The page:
In Lyon, the bikes are parked in 173 computerised racks across town. To discourage theft, users submit credit card details when registering, and pay a deposit. There are now 52,000 subscribers, mainly using the bikes to commute from bus stops to work. Sixty six% of the users are between 18 and 34 years old, one third are students, and 60% are employed. On average, the city's 2,000 distinctive silver and red Velo’v bicycles are 'checked out' 6.5 times a day for an average journey of 17 minutes. The bikes have 3 gears, a basket and a lock. A microchip in the bike registers when it's taken from a rack, and when it's returned. Every time a bike is parked in a rack, its tire pressure, lights, brakes and gears are tested. Malfunctioning cycles are blocked from being rented. Pricing is approximately 1 euro per hour, but the first half hour is always free. Since 90% of trips are shorter than 30 minutes, the majority are free. A win-win situation or a pact with the devil? :: Financial Times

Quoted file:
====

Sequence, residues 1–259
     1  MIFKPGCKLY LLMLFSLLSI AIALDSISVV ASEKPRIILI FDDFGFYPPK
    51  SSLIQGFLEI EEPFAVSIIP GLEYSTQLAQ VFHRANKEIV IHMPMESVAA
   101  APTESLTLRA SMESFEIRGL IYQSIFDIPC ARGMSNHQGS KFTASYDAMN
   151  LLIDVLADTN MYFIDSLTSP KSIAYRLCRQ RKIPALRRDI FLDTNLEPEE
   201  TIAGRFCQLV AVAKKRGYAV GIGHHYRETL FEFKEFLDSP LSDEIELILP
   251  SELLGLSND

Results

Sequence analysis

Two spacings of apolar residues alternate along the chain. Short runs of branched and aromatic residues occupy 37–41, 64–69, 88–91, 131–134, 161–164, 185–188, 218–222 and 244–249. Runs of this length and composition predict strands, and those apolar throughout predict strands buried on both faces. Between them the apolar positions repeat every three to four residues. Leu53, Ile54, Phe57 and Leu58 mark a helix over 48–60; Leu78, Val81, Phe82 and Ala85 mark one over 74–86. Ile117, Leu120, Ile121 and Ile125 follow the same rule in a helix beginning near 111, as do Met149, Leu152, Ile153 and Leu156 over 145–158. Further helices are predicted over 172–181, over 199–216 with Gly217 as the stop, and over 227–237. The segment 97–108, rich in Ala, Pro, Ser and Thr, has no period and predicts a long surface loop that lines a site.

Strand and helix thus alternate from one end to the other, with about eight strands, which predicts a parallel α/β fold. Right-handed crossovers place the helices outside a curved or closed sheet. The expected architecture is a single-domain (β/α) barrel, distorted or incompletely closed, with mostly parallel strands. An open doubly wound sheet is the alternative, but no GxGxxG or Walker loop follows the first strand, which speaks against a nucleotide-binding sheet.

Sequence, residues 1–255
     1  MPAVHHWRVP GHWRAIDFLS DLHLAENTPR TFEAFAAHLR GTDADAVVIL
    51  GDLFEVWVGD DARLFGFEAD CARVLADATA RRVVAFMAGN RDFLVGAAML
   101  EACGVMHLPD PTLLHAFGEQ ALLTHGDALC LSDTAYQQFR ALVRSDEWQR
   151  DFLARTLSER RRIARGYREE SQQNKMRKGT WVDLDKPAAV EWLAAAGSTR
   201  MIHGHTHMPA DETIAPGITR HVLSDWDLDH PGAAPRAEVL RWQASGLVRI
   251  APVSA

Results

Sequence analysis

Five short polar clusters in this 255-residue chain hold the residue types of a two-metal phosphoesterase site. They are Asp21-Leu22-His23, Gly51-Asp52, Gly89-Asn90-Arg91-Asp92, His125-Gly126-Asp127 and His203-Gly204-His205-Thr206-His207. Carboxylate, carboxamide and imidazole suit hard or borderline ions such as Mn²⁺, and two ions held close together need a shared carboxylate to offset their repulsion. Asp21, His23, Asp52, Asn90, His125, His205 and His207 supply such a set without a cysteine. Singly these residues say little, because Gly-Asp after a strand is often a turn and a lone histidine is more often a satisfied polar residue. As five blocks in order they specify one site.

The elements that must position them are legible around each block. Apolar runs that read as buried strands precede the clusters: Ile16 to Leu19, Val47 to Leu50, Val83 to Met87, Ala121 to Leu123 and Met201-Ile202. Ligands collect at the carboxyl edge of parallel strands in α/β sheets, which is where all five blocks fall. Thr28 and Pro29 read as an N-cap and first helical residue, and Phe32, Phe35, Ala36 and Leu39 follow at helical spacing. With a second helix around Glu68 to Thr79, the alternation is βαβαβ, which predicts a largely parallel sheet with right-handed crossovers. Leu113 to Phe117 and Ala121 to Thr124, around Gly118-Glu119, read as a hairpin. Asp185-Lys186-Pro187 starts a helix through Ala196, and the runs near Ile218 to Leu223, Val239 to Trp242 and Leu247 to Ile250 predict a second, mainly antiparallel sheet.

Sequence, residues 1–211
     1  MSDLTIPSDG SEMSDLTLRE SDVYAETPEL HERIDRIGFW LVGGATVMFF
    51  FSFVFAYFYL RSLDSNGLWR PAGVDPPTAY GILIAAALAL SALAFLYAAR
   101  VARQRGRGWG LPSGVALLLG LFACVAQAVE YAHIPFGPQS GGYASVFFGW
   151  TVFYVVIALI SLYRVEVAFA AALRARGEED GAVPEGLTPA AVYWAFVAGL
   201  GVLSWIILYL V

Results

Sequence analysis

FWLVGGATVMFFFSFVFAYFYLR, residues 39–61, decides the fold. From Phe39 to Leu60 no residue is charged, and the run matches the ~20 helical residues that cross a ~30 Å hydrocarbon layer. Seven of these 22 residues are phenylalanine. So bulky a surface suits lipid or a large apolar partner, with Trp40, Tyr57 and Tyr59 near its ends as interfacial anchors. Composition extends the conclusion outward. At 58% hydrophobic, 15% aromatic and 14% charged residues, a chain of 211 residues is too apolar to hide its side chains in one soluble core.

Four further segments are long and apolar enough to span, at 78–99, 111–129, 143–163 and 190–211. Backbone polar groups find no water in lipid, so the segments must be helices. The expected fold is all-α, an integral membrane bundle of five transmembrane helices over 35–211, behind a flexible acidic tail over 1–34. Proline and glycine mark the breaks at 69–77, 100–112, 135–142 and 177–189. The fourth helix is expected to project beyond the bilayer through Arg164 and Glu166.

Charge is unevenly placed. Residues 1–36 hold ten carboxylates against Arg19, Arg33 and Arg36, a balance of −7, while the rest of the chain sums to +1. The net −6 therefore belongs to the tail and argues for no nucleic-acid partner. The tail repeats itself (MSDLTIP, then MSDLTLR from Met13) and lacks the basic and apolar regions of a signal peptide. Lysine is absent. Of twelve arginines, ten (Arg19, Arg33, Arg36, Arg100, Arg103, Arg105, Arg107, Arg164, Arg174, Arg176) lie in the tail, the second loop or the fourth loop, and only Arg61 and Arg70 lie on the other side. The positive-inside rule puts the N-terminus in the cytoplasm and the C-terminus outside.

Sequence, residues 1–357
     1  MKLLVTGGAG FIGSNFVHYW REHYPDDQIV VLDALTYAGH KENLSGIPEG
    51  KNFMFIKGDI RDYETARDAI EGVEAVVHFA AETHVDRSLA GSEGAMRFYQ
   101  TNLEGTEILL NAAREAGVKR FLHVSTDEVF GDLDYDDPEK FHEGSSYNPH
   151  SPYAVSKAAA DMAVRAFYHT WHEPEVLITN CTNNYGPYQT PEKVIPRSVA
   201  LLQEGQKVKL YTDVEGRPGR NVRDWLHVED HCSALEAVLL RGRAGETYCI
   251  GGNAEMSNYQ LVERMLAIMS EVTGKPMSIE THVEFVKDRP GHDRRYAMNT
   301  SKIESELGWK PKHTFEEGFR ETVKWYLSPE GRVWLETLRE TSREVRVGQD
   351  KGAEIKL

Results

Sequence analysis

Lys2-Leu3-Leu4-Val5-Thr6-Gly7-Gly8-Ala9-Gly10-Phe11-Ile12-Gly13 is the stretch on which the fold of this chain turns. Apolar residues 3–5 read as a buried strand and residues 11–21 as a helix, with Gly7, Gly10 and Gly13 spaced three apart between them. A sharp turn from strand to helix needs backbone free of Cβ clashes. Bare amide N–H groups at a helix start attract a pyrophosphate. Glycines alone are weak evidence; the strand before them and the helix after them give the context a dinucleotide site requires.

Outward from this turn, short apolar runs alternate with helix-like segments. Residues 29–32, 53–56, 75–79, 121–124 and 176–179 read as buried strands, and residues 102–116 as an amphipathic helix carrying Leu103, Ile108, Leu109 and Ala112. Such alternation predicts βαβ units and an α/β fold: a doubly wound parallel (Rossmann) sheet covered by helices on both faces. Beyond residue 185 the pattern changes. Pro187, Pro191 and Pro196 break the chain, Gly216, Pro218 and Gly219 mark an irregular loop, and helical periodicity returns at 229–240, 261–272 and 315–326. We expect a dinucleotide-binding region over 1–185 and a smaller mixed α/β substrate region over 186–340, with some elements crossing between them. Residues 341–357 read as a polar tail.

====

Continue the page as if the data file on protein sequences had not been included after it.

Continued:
JC Decaux, the second largest outdoor advertising company in the world, owns just about every bus shelter and piece of street furniture that anyone has ever huddled under or perched on in the rain. In 1,500 cities across the planet, their posters and billboards add to the visual pollution. In an effort to improve their reputation—and make money—they have come up with a novel, and very green, scheme. They provide specially adapted bicycles and racks to cities and in return get contracts for more bus shelters. This appeals to cities wanting to reduce congestion and traffic and make urban life more attractive. In some cases the cities get a share of the revenue from the bike charges. The scheme started in Lyon and Vienna, is moving on to Paris and Brussels, with Barcelona and Toronto in the planning.